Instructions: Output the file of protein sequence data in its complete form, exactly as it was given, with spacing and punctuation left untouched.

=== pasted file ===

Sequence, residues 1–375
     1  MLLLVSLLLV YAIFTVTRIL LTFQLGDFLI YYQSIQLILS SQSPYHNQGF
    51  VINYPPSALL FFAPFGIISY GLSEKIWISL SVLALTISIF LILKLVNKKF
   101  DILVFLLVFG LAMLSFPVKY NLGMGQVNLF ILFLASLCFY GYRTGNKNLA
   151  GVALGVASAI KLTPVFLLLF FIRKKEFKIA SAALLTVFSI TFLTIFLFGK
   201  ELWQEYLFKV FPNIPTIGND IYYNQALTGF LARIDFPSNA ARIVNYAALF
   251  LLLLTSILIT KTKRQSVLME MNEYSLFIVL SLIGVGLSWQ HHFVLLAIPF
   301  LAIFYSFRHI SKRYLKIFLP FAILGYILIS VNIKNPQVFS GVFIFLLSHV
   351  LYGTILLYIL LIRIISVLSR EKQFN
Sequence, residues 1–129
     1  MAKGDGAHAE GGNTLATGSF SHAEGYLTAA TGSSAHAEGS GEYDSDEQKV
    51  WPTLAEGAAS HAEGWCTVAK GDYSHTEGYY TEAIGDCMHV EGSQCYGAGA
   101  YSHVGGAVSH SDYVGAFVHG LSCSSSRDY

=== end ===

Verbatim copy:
Sequence, residues 1–375
     1  MLLLVSLLLV YAIFTVTRIL LTFQLGDFLI YYQSIQLILS SQSPYHNQGF
    51  VINYPPSALL FFAPFGIISY GLSEKIWISL SVLALTISIF LILKLVNKKF
   101  DILVFLLVFG LAMLSFPVKY NLGMGQVNLF ILFLASLCFY GYRTGNKNLA
   151  GVALGVASAI KLTPVFLLLF FIRKKEFKIA SAALLTVFSI TFLTIFLFGK
   201  ELWQEYLFKV FPNIPTIGND IYYNQALTGF LARIDFPSNA ARIVNYAALF
   251  LLLLTSILIT KTKRQSVLME MNEYSLFIVL SLIGVGLSWQ HHFVLLAIPF
   301  LAIFYSFRHI SKRYLKIFLP FAILGYILIS VNIKNPQVFS GVFIFLLSHV
   351  LYGTILLYIL LIRIISVLSR EKQFN
Sequence, residues 1–129
     1  MAKGDGAHAE GGNTLATGSF SHAEGYLTAA TGSSAHAEGS GEYDSDEQKV
    51  WPTLAEGAAS HAEGWCTVAK GDYSHTEGYY TEAIGDCMHV EGSQCYGAGA
   101  YSHVGGAVSH SDYVGAFVHG LSCSSSRDY